Mental capacity and emotions play a huge role on a football field. These are the third reason Pete will continue to run the football. Pete wants a big tough agressive football team that wont back down from a challenge. Its the "Nail eaters" and "Dirtbags" that he wants on his team. Its stamped all over the field. Browner, Sherman, Bryant, Branch, Mebane, Hill, Gallery, Unger, Lynch, Jackson and even Baldwin all exude toughness with every breath, and nastiness with every drop of sweat. These aren't your Holmgren/Ruskell Seahawks.

Lynch embodies this attitude with tought never say quit mentality. The same toughness the Bears had when the late great Walter Peyton used to do the same thing. Now i dont think Marshawn has Sweetness' physical attributes, but he does have that same never die attitude. It is contagious, and breeds an atmosphere where players WANT to play for the team, quite the opposite of say Philly. Chemestry is not something you can just scoff at, it's real its tangible, but still not measureable.

The fourth reason Pete will continue to run is talent. If you look at our talent, it leans heavily towards the run. Most of the Talent has been PCJS's choosing. Look at our linemen, every single one of them is more adept at run blocking than pass blocking, though truthfully Okung could be considered just below elite status in both. We had 10 Linemen for the majority of the year, and with exception of practice squad player Osborne, every one of them is 300 + pounds ( if Gibson takes a crap he might be below 300 for a few minutes). They all are aggressive and nasty. Most of them have a lot of need for improved pass protection technique though.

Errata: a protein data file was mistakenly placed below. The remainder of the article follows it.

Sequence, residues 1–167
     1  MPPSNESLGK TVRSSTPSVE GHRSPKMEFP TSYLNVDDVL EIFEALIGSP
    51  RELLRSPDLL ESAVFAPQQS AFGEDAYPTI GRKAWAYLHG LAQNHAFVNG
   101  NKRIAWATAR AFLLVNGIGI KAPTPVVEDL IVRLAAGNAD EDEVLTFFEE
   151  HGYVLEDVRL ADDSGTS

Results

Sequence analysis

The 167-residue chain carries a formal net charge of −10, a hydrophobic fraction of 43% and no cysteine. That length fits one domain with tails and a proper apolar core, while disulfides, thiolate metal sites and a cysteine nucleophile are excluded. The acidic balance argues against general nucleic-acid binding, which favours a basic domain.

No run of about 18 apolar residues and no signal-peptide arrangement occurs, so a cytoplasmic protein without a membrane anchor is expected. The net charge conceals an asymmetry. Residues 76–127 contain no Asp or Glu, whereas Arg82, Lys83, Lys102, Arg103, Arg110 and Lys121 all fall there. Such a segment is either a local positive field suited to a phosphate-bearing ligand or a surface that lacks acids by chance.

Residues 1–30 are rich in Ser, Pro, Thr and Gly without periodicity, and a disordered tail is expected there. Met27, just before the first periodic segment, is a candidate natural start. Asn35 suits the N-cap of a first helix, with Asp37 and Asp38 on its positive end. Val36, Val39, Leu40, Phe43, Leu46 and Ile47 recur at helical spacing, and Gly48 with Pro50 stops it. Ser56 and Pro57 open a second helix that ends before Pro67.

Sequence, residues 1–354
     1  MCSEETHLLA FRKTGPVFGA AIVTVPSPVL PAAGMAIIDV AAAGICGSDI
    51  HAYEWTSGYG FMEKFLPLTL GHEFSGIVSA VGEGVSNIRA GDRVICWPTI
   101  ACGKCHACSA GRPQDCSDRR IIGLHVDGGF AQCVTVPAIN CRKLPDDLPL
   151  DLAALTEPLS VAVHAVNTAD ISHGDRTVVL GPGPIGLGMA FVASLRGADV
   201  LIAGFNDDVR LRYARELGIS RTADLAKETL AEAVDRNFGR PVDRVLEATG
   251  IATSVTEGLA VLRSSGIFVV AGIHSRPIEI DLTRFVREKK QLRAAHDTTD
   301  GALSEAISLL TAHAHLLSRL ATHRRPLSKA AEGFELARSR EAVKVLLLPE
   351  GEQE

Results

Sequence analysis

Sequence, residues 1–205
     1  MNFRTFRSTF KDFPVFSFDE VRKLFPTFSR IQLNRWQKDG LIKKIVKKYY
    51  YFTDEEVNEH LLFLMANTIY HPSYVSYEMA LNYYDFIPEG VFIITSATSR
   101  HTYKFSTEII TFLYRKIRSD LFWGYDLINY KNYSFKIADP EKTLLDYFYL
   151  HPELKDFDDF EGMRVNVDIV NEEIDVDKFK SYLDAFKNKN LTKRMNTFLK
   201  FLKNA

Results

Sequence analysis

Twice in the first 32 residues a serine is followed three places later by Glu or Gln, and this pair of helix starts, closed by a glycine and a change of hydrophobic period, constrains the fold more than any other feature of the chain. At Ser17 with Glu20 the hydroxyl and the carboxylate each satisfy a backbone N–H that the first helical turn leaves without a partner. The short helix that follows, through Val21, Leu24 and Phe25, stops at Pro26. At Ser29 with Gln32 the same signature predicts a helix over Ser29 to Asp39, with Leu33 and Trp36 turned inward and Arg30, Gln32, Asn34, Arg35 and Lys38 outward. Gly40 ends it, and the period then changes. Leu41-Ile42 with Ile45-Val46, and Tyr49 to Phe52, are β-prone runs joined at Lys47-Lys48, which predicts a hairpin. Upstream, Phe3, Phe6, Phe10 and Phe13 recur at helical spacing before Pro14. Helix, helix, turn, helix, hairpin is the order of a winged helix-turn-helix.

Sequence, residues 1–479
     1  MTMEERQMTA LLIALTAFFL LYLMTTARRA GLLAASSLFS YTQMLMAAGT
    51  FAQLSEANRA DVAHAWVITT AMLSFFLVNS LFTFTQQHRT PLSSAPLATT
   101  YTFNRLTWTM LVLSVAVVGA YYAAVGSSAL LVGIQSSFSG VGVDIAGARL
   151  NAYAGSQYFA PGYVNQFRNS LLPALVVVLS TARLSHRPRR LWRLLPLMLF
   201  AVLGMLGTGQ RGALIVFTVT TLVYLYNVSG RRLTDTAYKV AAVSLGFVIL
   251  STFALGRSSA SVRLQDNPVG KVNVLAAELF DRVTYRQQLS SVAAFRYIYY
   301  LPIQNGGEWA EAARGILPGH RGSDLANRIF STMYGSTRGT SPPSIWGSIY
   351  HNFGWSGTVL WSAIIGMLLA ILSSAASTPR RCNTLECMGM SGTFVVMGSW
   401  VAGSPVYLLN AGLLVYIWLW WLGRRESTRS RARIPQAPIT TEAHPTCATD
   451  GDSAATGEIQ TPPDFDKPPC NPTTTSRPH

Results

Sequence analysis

These are the guys that Pete picked, to go pass happy with these linemen would be a complete tactical flaw. You play to your strengths. Pete showed he will continue to play to our strengths even in Chicago, an excellent run defense team.

I want to make this clear, that none of these reasons preclude a massive upgrade in the QB. Even staying in this system, a better QB can make a ton of difference. For instance averaging the top 10 QBs in the league, the average completion percentage is 64.7% and the average Y/A is 8.3 (over 100 attempts to qualify). with 509 attempts that would equal 329 completions for 4224 yards. This year we got 299 completions and 3444 yards. a significant boost to the offense and putting the QB inside the top 7 for stats. I can only speculate how that effects first downs and TDs, but it doesnt hurt them.

Lastly, If this year is any indication, our offense works better with a strong run game. For instance in our 9 losses we averaged 33.7 pass attempts for an average of 210.7 yards. We ran an average 23 times for 96.1 yards. In our 7 wins we passed for an average 29.2 times a game for 221 yards and ran for an average 34 times for 122.7 yards. An average of 6.5 more plays a game. Our passing yards went up while number of attpemts went down. the extra 6.5 plays earned us an average 36.9 yards a game. Those are significant increases, and why you saw those games become wins more often.

Pete knows running means winning, with an elite QB or not, expect the Seahawks to continue to pound the rock in our opponents' grills for the better part of next year and into the future.

*FYI, I edited this, there were numerous obvious spelling and grammatical errors. The content was an interesting read and I wanted to make sure it was more easily read by all and the message wasn't lost in the errors. Everyone, try to make sure to edit and spell check your work before posting. Thanks! --Tyler Jorgensen (formerly Whiskey Chainsaw).